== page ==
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“Lock her up!” In Phoenix, the signature Trump rally chant was especially ironic.

Trump pushed conspiracy theories about Bill Clinton interfering with the DOJ — while he interfered with the DOJ.

Trump walks to the stage to deliver a speech in Phoenix on Wednesday.
Jim Watson/AFP via Getty Images

While the Democratic presidential candidates held a slugfest of a debate 300 miles away in Las Vegas, President Donald Trump was in Phoenix Wednesday night for a rally that doubled as a diatribe against law enforcement and intelligence community officials whom he believes have wronged him.

The rally was Trump’s second following his impeachment acquittal earlier this month and the first of three scheduled during his trip to Nevada, Arizona, and California. He devoted a lot of energy to attacking former leaders of the FBI, whom he smeared as “dishonest scum.”

“We can never let them get away with that,” Trump added, lamenting that because of the Russia investigation and impeachment inquiry, “crooked politicians” have “really taken away three years away” from his presidency.

The rally took place just hours before Trump’s longtime confidant Roger Stone is scheduled to be sentenced on seven felony charges that were brought by prosecutors working with then-special counsel Robert Mueller, including perjury and obstruction of the investigation into Trump’s campaign dealings with Russia.

Considering that context, the most ironic moment of Trump’s Phoenix rally came when he brought up Hillary Clinton then nodded and smiled as his fans erupted in the usual refrain of “lock her up!”

Despite the backdrop of Trump’s ongoing interference with the Department of Justice, the president also devoted part of his rally to attacking the Barack Obama-era DOJ for supposedly trying to tip the scales for Hillary Clinton back in 2016.

“What do you think he was doing with the attorney general?” Trump said, alluding to a brief 2016 meeting on an Arizona airport tarmac between then-Attorney General Loretta Lynch and Bill Clinton that spawned conspiracy theories about the subsequent decision to not prosecute Hillary Clinton for her emails. “Remember, he said, ‘Ah, I just happened to see! I was here to play golf. It was 120 degrees out!’ I don’t know. A lot of crooked stuff went on.

“Can’t let it happen, folks!” Trump yelled.

The reality, however, is that following his impeachment acquittal, Trump has been more brazen about inserting himself into the Justice Department than ever — including in Stone’s case.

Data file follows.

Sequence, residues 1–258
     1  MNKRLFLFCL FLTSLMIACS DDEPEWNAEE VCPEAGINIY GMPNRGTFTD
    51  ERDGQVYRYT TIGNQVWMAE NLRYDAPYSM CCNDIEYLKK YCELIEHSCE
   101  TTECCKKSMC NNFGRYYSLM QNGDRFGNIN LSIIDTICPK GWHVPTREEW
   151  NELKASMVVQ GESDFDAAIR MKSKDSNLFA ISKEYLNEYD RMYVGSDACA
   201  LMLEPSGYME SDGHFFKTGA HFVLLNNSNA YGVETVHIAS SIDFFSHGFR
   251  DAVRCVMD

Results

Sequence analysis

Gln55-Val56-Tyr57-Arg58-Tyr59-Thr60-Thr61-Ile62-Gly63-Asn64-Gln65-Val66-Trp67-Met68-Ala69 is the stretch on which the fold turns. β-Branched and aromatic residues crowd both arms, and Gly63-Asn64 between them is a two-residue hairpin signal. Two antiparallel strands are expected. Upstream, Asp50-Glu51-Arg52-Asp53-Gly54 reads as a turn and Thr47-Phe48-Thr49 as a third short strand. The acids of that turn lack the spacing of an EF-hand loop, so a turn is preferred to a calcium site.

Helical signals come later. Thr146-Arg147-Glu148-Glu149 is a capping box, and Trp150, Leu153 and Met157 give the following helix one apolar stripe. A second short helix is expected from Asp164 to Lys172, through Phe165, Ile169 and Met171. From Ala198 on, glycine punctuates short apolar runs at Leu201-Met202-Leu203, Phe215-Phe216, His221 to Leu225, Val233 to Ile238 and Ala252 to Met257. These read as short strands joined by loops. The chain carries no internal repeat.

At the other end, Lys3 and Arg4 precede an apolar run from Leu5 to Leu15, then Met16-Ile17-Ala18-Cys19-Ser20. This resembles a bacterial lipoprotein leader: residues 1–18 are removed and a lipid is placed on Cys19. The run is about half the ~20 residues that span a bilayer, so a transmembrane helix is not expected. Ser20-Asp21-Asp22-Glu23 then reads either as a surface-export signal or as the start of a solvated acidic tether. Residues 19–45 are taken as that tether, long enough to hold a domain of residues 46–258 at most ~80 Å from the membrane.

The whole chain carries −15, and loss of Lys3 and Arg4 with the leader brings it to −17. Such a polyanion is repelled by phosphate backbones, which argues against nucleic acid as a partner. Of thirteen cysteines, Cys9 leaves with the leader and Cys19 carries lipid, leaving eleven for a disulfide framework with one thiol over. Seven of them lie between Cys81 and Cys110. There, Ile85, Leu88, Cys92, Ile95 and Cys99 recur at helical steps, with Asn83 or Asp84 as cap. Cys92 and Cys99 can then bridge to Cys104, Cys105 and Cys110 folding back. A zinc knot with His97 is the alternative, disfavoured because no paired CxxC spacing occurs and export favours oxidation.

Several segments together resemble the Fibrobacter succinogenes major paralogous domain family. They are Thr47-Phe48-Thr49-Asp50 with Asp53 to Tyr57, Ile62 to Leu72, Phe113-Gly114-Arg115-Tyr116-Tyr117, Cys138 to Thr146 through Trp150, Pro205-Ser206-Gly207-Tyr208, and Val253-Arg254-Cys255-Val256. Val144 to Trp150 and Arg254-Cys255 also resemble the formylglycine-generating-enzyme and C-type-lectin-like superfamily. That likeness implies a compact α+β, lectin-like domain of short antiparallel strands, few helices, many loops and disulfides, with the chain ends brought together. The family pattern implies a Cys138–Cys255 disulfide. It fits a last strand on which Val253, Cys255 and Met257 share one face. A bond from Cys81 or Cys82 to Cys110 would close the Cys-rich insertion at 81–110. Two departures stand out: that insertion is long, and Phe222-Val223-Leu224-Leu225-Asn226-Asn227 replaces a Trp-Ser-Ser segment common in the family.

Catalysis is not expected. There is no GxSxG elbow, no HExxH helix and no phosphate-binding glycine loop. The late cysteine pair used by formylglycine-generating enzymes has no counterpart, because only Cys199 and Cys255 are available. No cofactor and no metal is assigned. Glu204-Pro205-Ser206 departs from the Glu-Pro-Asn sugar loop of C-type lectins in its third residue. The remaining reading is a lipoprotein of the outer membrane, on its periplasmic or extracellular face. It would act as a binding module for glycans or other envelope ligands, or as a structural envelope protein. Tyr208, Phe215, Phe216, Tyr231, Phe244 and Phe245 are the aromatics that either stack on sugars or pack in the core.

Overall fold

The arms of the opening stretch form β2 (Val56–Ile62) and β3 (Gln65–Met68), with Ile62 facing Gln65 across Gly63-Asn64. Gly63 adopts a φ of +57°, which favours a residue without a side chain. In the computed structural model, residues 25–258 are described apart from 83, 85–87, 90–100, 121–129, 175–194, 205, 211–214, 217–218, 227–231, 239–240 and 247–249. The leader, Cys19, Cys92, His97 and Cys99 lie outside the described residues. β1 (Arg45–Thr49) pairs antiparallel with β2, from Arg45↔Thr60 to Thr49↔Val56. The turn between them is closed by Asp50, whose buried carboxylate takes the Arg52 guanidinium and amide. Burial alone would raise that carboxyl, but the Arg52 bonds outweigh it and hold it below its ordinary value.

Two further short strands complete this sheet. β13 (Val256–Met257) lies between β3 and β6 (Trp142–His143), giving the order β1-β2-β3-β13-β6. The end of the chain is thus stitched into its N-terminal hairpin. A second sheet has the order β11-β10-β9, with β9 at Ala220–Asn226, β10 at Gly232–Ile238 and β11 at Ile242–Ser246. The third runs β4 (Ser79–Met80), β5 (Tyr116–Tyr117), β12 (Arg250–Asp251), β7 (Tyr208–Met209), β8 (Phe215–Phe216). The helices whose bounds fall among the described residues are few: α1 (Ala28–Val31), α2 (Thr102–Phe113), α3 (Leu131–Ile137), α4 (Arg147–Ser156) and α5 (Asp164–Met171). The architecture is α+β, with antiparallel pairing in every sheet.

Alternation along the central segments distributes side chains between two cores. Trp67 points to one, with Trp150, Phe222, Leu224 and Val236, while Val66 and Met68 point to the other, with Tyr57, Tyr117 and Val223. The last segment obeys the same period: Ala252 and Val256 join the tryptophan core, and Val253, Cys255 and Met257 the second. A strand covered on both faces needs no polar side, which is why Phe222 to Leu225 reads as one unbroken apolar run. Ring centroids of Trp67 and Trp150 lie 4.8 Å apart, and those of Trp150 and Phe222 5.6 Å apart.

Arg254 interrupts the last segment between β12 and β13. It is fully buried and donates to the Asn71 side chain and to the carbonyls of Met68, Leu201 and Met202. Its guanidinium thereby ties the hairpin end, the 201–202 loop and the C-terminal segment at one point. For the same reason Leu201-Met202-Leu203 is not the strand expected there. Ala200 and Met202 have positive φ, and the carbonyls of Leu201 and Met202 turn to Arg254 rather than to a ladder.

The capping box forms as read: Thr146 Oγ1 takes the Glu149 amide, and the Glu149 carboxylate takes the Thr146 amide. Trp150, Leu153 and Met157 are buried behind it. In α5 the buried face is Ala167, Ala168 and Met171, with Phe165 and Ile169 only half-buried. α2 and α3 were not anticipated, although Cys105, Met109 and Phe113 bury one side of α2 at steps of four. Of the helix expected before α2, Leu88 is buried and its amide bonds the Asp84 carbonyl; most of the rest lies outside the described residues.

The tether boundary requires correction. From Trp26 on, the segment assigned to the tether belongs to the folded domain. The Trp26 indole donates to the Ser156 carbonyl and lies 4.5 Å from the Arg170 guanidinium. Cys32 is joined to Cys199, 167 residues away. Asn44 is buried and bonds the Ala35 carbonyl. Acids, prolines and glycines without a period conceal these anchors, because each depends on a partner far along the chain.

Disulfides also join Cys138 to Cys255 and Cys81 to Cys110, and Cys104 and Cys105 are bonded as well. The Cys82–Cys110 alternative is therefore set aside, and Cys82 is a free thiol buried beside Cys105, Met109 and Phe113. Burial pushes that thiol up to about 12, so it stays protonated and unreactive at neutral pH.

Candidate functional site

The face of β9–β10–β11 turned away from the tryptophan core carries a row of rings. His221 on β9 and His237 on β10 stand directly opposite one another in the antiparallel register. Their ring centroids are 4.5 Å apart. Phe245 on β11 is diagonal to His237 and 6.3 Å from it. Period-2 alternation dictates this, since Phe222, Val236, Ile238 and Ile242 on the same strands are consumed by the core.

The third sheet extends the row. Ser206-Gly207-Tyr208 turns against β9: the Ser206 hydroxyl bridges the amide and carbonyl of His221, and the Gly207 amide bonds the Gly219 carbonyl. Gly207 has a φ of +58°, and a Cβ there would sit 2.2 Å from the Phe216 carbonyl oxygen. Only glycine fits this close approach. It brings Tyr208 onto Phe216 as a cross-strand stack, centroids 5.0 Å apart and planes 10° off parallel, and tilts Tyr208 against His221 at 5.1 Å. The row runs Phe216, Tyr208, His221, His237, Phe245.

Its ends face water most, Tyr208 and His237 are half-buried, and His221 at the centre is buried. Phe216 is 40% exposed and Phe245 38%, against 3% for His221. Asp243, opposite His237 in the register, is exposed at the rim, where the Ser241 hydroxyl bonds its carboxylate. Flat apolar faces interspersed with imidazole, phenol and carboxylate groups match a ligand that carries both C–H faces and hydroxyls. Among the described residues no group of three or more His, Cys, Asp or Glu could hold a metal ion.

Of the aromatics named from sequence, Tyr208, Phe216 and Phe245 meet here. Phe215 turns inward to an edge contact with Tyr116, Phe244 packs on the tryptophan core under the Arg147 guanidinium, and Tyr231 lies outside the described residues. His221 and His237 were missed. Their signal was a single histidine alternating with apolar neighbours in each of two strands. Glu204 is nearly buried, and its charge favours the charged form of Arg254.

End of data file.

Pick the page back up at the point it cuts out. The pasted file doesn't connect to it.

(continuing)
Last week, Trump posted angry tweets about prosecutors’ original seven- to nine-year sentencing recommendation for Stone, which was followed by Attorney General Bill Barr lowering the recommendation — an abrupt change of course that prompted all the prosecutors working the case to quit. Barr publicly criticized Trump’s tweets interfering in the case, but the president disregarded his AG’s input by posting more tweets calling for Stone to receive a new trial on Tuesday.

That same day, Trump pardoned or granted commutations of nine former public figures or billionaires who were convicted of corruption-related crimes — a move seemingly aimed at dismissing the sort of obstruction of justice and financial wrongdoing he’s been implicated in as well as laying the groundwork for pardoning or commuting the sentence of Stone.

Indeed, on Thursday morning’s edition of Fox & Friends, Andrew Napolitano, a senior judicial analyst at Fox News, said he thinks Trump “might pardon Stone today” following his sentencing.

The rest of the Phoenix rally was normal stuff from a deeply abnormal president

Trump pushed easily debunkable lies to inflate his record of accomplishments and sensationalized crime stories in an effort to demonize undocumented immigrants. He misled people about his health care record and tried to undermine the democratic process by preemptively circulating conspiracy theories about the Nevada Democratic caucuses, which are scheduled for Saturday.

“I hear that in Nevada — I’m hearing bad things about their vote count,” Trump said, citing no evidence. “I’m hearing a lot of bad things are happening, like they don’t know what the hell they are doing.”

All this would have been headline news coming from the mouth of previous presidents. But for Trump, it was a relatively low-key night in the desert.

The news moves fast. To stay updated, follow Aaron Rupar on Twitter, and read more of Vox’s policy and politics coverage.